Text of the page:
Combining transcranial ultrasound with intelligent communications methods to enhance the remote assessment and management of stroke patients – Framework for a technology demonstrator

Alasdair Mort, Leila Eadie, Luke Regan, Ashish Macaden, David Heaney, Matt-Mouley Bouamrane, Gordon Rushworth, Philip Wilson

Research output: Contribution to journalArticle

7 Citations (Scopus)


With over 150,000 strokes in the UK every year, and more than 1 million living survivors, stroke is the third most common cause of death and the leading cause of severe physical disability among adults. A major challenge in administering timely treatment is determining whether the stroke is due to vascular blockage (ischaemic) or haemorrhage. For patients with ischemic stroke, thrombolysis (i.e. pharmacological ‘clot-busting’) can improve outcomes when delivered swiftly after onset and current NHS Quality Improvement Scotland guidelines are for thrombolytic therapy to be provided to at least 80% of eligible patients within 60 minutes of arrival at hospital. Thrombolysis in haemorrhagic stroke could severely compound the brain damage so administration of thrombolytic therapy currently requires near immediate care in a hospital, rapid consultation with a physician and access to imaging services (X-ray computed tomography (CT) or magnetic resonance imaging) and intensive care services. This is near impossible in remote and rural areas, and stroke mortality rates in Scotland are 50% higher than in London. We here describe our current project developing a technology demonstrator with ultrasound imaging linked to an intelligent, multi-channel communications device − connecting to multiple 2G/3G/4G networks and/or satellites − in order to stream live ultrasound images, video and two-way audio streams to hospital-based specialists who can guide and advise ambulance clinicians regarding diagnosis. With portable ultrasound machines located in ambulances or general practices, use of such technology is not confined to stroke, although this is our current focus. Ultrasound assessment is useful in many other immediate care situations, suggesting potential wider applicability for this remote support system. Although our research programme is driven by rural need, the ideas are potentially applicable to urban areas where access to imaging and definitive treatment can be restricted by a range of operational factors.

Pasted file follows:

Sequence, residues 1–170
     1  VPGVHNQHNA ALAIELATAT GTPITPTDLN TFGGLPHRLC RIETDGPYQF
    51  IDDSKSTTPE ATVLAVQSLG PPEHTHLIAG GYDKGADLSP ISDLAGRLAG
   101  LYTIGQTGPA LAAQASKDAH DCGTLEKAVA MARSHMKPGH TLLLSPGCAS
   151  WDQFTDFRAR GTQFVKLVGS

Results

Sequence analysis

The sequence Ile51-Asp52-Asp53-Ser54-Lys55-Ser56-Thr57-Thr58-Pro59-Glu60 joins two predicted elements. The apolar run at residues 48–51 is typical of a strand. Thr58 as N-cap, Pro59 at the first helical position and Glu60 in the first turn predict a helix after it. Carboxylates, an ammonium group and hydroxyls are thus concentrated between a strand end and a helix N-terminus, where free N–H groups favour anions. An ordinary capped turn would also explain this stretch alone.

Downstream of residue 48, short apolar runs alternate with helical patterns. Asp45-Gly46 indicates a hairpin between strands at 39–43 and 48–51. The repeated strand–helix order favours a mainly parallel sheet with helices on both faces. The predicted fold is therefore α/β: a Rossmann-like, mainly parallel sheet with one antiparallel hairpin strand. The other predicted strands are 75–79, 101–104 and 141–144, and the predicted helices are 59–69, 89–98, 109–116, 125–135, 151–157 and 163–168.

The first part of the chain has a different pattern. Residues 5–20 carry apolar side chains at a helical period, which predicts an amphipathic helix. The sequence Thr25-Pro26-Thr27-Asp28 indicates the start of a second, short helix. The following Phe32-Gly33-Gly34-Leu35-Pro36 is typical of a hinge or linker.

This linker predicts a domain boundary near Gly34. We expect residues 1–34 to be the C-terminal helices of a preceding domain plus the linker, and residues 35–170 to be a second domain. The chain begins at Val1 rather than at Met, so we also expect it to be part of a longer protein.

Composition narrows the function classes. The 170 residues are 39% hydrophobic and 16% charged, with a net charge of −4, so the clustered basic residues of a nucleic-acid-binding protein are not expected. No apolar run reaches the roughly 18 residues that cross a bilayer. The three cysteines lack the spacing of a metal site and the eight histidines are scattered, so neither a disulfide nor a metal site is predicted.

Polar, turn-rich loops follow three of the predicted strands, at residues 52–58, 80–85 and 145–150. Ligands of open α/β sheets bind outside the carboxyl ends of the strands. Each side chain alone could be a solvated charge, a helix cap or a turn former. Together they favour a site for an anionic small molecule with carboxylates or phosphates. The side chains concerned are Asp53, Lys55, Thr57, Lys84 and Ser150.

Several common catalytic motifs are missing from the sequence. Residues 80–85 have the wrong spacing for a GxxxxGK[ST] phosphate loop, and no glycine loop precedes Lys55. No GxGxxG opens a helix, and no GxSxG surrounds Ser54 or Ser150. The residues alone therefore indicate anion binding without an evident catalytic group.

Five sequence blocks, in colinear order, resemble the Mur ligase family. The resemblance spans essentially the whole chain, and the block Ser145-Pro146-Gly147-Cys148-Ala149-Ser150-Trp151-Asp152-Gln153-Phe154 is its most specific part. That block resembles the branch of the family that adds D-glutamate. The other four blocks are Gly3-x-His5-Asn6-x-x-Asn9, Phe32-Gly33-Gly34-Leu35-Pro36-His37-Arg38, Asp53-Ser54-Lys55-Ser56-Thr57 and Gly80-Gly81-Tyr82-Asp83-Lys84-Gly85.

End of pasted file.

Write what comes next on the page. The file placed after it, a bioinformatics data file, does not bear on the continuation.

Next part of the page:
Original languageEnglish
Pages (from-to)691-701
Number of pages11
JournalHealth Informatics Journal
Issue number3
Early online date14 May 2015
Publication statusPublished - 1 Sep 2016



  • Acute Stroke Emergency Treatment
  • Medical Data and Image Transfer in Remote Locations
  • Technology-Supported Diagnosis

ASJC Scopus subject areas

  • Emergency Medicine

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